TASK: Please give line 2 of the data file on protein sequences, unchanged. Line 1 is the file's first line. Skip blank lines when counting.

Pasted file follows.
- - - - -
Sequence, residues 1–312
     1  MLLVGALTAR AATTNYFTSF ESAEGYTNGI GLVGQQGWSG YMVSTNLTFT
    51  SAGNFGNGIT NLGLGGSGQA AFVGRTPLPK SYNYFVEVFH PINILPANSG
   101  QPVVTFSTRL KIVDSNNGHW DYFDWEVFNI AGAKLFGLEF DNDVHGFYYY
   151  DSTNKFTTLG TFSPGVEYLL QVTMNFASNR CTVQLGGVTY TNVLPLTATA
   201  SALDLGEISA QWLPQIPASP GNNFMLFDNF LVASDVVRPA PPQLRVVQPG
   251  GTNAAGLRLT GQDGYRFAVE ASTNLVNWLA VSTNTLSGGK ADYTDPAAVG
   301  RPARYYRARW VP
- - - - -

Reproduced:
     1  MLLVGALTAR AATTNYFTSF ESAEGYTNGI GLVGQQGWSG YMVSTNLTFT